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Lord McConnell: Britain must stand for international law following Turkey’s invasion of northern Syria

3 min read

Turkey's invasion of north-east Syria is a disaster for global standards on human rights - the UK must move on from the years of inconsistent and indecisive foreign policy and take a stand, writes Lord McConnell. 

Events in north-east Syria over the last two weeks are not just a catastrophe for those living there but it is also a disaster for the balance of power in the region and global standards on human rights.

Turkey’s invasion of north-east Syria might have been predictable but the lack of predictability in the policy and actions of the United States, and the lack of consultation and cooperation within NATO member states more generally, has helped exacerbate the scale and speed of the crisis.

Allies have been abandoned, religious minorities are threatened, and refugees may be returned against the principles of international law.

Since the Iraq War, the UK has too often seemed unable to act with clarity or consistency, or sometimes act at all. But we have a direct interest and a role to play, and we must engage.

Daesh may have been defeated in Northern Iraq and Syria, but their fighters remain in camps or on the loose and they will, if they can, regroup and come back to haunt us again.

When international justice is abandoned, we all lose.

Given our recent history in Iraq, our membership of NATO alongside Turkey and the United States, our participation in the allied coalition against Daesh and our role on the UN Security Council (not to mentioned our role still inside the European Union) we need clarity of policy and we need to be willing to participate in the action in order to affect the outcome.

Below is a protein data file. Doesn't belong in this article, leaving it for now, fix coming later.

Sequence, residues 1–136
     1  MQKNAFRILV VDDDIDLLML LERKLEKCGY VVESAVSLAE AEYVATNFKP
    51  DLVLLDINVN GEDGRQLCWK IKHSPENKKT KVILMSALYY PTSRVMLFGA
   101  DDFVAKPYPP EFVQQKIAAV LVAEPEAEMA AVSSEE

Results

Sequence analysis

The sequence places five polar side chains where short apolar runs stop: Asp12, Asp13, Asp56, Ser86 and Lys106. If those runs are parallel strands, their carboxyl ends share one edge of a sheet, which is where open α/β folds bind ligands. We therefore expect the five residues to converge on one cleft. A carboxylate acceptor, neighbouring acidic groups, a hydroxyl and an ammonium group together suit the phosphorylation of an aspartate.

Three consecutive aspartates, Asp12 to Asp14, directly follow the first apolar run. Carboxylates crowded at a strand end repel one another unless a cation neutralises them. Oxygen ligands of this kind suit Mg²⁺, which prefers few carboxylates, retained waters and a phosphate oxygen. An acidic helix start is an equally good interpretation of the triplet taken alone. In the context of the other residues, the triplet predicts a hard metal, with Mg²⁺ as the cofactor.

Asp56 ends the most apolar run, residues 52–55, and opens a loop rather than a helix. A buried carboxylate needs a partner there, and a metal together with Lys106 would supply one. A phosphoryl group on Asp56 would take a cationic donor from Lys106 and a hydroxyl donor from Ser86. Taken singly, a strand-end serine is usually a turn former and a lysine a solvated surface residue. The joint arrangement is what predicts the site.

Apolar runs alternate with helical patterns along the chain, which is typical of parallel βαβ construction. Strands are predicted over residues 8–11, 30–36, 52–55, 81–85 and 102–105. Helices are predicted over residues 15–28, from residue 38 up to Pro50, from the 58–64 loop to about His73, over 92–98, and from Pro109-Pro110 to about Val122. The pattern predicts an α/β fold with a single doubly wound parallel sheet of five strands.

But what should be that action?

First and foremost, the UK should be insisting that captured Daesh fighters and supporters must be held securely and those holding them must be protected. To argue, as some have done, that only 100 or so fighters have escaped is to ignore the impact that one suicide bomber can have in Iraq, or on the streets of Europe or North America.

Secondly, as a significant international humanitarian force, we must take immediate action with others to protect and support those who have been forcibly moved or are under threat from the Syrian regime, the Turkish invasion, or the armed gangs with records of persecuting religious minorities. We must insist that any refugees returning to Syria from Turkey are doing so voluntarily and under international protection and we should take every step possible to rescue and return home British children stuck in ISIS camps. And, of course, we must protect our allies, the Kurds, from persecution too.

And third, we need to say loudly and clearly that the use of such overwhelming force is not a justifiable way to deal with political disputes. The use of chemical weapons, either by the Syrian regime or the Turkish army, is not acceptable and must be fully investigated and prosecuted. The UK must stand for international law, for the Responsibility to Protect, and for global and neighbourhood relationships that are based on discussion and agreement not on force and persecution. So we must stop arms sales to those who use such force; and press consistently for legal action when breaches of international law occur.

Perhaps it is too much to suggest the UK could have this clarity and influence in the very near future, but we must start somewhere. We must move on from years of inconsistent and indecisive foreign policy and we need to lift our heads from the introspection of the Brexit debate.

‘Global Britain’ will promote the UK on the global stage, but we need to promote our values as well as our goods. We need to take a stand when it matters, as it does today in north east Syria.


Lord McConnell is a Labour Peer in the House of Lords. 

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